- Precision lathes - Achieve very high tolerances and fine surface finishes. Ideal for machining precision engineered components.
- CNC turning centers - Highly versatile for combined turning and milling operations on complex parts.
- Gang tool lathes - Multiple cutting tools can be engaged with the workpiece simultaneously for faster machining of complex contours.
CNC controllers adjust the operating parameters and precisely control the movements and positioning of the cutting tools during the turning process. Backlash compensation improves precision when reversing direction. Modern CNC lathes provide extremely high accuracy and repeatability for precise, automated turning operations.
Turning Operations Used in CNC
Some of the common turning operations that can be performed under CNC include:
- Straight Turning - The most basic operation for machining straight outside diameters.
- Taper Turning - Produces tapered diameters by offsetting the tool at an angle from the centerline.
- Profiling - Machining contoured shapes by interpolating the tool along multiple axes.
- Grooving - Cutting grooves and recesses into the workpiece surface. Useful for seals, parting lines and decorations.
- Threading - Single or multi-start threads can be cut by coordinating the rotation and linear motion.
- Boring - Enlarging the inside diameters of holes, or making the holes precise by fine boring.
- Drilling - Spotting holes in the centers of workpieces, or drilling radial holes. Performed with live tooling.
- Tapping - Cutting internal screw threads with a tap mounted in the turret.
- Knurling - Creating crosshatched patterns on the surface to aid grip. Done with a knurling tool.
- Parting Off - Cutting completed parts from the bar stock remnant for automated production.
- Face Grooving - Grooving/threading on the face of a part, facilitated by live tooling.
The wide range of turning operations possible on modern CNC lathes makes them highly versatile for machining precision parts. Complex components can be completed in a single setup.
Advantages of CNC Turning
There are many benefits of using CNC operated lathes and turning centers:
- Higher productivity - CNC automates turning operations for faster cycle times and around-the-clock capability.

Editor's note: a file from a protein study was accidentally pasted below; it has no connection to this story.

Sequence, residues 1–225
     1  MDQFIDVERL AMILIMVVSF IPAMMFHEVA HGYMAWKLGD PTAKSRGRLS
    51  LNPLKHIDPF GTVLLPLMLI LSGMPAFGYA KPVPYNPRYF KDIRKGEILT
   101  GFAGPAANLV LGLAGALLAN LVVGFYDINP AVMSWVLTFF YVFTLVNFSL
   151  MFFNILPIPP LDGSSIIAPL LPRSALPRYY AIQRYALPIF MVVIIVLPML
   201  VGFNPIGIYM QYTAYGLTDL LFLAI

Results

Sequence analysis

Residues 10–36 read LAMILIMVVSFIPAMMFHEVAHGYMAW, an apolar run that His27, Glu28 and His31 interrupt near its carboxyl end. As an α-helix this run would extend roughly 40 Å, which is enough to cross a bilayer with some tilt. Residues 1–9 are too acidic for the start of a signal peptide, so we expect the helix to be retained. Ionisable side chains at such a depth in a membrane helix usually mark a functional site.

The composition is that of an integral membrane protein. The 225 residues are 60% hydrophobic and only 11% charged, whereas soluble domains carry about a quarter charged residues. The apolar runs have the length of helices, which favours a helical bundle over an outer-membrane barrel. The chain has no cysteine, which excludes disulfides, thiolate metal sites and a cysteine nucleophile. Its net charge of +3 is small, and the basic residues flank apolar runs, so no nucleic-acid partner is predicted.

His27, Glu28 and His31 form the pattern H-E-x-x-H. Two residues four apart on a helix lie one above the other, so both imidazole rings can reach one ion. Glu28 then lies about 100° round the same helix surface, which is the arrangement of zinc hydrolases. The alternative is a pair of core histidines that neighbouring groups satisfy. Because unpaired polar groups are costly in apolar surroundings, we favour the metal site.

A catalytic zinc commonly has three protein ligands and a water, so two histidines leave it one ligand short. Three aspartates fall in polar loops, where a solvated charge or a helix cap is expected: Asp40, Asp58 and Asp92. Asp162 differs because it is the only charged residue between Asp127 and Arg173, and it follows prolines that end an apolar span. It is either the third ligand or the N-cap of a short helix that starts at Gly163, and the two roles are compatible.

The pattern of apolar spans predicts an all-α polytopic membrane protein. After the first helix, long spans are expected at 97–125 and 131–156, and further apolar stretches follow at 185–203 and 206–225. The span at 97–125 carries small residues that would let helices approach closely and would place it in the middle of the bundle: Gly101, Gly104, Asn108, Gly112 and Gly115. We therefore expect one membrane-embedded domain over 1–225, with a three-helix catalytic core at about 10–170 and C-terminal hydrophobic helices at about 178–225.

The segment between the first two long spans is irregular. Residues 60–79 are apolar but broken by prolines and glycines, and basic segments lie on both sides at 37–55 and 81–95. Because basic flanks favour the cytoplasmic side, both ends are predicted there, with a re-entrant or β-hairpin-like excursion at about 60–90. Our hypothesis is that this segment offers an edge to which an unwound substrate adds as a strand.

- Improved quality - CNC turning machines offer better repeatability and precision. Parts can be made within tighter tolerances.
- Operator safety - The operator does not need to directly monitor the cutting process reducing hazardous manual interventions.
- Reduced setup time - CNC allows quick changeover between jobs. Cutting programs can be stored and reused.
- Integration with automation - CNC turning centers can utilize automated workpiece handling, tool changing and parts catching.
- Multi-axis capabilities - Modern CNC lathes allow live tooling, cross drilling, milling and other multi-axis functions.
- Intricate geometry - Complex part geometry can be produced using programmed interpolation of motions that would not be possible manually.
- Unattended operation - CNC allows turning operations to be run untended, enabling lights out production.
- Less skilled labor - Intricate parts can be produced without highly skilled machinists due to the automation capabilities.
- Consistent quality - CNC eliminates variations in output and greatly reduces scrap rates compared to manual turning.
With so many advantages, it's easy to see why CNC turning has become an essential manufacturing process for machining precision parts to high levels of productivity and quality. Continuing advances in CNC technology promise even greater benefits in the future.
Turning is a fundamental machining process that is greatly enhanced by the precision and automation capabilities of computer numerical control systems. CNC turning is used across manufacturing industries to produce machined parts of various shapes, sizes and complexities. Understanding what CNC turning entails is key for engineers, operators, programmers and anyone involved in manufacturing technology and processes. With its many benefits and continuously improving capabilities, CNC controlled turning will remain an integral production technique for the future. CNC Milling